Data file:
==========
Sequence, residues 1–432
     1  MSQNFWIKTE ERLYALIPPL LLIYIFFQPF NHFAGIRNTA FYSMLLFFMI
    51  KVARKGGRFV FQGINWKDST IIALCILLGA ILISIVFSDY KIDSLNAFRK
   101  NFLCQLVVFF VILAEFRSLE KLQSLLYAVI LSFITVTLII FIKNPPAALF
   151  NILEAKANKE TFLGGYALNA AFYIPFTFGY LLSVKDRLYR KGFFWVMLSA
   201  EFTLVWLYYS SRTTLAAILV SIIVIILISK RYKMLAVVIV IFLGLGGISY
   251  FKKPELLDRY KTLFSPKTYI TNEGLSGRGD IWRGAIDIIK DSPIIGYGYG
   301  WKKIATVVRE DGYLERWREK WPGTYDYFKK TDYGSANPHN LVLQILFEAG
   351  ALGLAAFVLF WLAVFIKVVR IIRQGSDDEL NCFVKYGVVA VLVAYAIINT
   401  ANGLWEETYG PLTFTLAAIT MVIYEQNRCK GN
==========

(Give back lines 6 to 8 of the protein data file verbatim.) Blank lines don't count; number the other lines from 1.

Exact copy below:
   201  EFTLVWLYYS SRTTLAAILV SIIVIILISK RYKMLAVVIV IFLGLGGISY
   251  FKKPELLDRY KTLFSPKTYI TNEGLSGRGD IWRGAIDIIK DSPIIGYGYG
   301  WKKIATVVRE DGYLERWREK WPGTYDYFKK TDYGSANPHN LVLQILFEAG